The Condor returns to The Mysterious Bookshop

When I heard that  James Grady , author of the just released Last Days of the Condor,  would be at The Mysterious Bookshop, I did what any plugged in person does these days—I watched Three Days of the Condor on Amazon Prime.   This is what I found: Robert Redford is still a hunk; Faye Dunaway still lights up the screen; and Cliff Robertston’s hair still looks ridiculous.  And the nail-biting tension is still all there.  The end of the movie leaves you wondering what happened next for the Robert Redford character, Joe Turner.  And what became of the author James Grady who wrote Six Days of the Condor (on which the movie was based) at the age of 25.

Well, James Grady solved those mysteries at his book release event at The Mysterious Bookshop on Thursday eve (Feb. 19).  Otto Penzler, owner of the book store and master of all things mysterious, introduced the author, remarking how Six Days of the Condor represented a turning point in espionage fiction by presenting us with the notion that not all of the guys on the U.S. side were good, some were very bad.

The author then explained why he had abandoned the Condor: My impression was that he didn’t create an immediate sequel or series because the movie created characters that were larger than life or than the fictitious framework he had originally created.  We all know the failure rate of sequels. Maybe more writers should follow Grady’s approach.  But the Condor kept bugging him, through 9/11 (James Grady published Mad Dogs in 2006), until the Condor finally said, “Let’s do it.”  Thus we have Last Days of the Condor.  As a writer, I appreciate the voices of our own creations continuing to live in our heads and insisting their stories be told.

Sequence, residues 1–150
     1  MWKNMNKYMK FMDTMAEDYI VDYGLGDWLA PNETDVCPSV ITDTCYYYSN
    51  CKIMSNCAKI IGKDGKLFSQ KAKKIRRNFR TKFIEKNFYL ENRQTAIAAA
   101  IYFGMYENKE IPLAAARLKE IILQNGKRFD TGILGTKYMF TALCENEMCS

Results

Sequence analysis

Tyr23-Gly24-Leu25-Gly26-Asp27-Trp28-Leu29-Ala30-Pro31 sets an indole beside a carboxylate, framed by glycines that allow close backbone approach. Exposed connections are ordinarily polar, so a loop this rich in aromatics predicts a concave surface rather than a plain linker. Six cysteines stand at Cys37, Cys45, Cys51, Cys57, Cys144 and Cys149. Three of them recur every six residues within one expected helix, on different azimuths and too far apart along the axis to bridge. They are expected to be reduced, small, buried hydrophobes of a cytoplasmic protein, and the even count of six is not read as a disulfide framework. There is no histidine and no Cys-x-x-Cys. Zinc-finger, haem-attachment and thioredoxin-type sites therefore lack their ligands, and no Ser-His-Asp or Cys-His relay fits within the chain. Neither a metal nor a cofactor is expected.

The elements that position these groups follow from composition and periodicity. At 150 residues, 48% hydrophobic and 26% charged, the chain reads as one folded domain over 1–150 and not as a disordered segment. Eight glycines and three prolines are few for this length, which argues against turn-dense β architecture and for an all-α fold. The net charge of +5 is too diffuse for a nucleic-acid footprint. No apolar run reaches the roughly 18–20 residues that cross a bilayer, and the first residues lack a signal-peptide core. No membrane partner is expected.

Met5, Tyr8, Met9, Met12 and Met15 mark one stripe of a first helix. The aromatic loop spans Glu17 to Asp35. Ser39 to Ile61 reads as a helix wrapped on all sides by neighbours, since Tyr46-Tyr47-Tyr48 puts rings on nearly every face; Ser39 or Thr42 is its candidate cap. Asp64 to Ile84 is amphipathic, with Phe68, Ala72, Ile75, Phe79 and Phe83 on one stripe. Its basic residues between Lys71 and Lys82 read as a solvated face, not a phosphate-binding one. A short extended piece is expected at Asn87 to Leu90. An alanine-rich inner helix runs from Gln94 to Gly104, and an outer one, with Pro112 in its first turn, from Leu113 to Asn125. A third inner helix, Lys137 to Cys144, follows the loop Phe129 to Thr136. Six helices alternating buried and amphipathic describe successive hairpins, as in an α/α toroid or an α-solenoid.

Mr. Grady read an excerpt from the book to demonstrate how he managed the challenge of writing about a character who in the reader’s mind will always be Robert Redford.  While not all authors are good readers, James Grady captivated the audience with his reading, leaving us all wanting more.  And in the end—isn’t that what a book release party is all about.

 

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Author James Grady making a point

 

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Otto Penzler introducing James Grady

 

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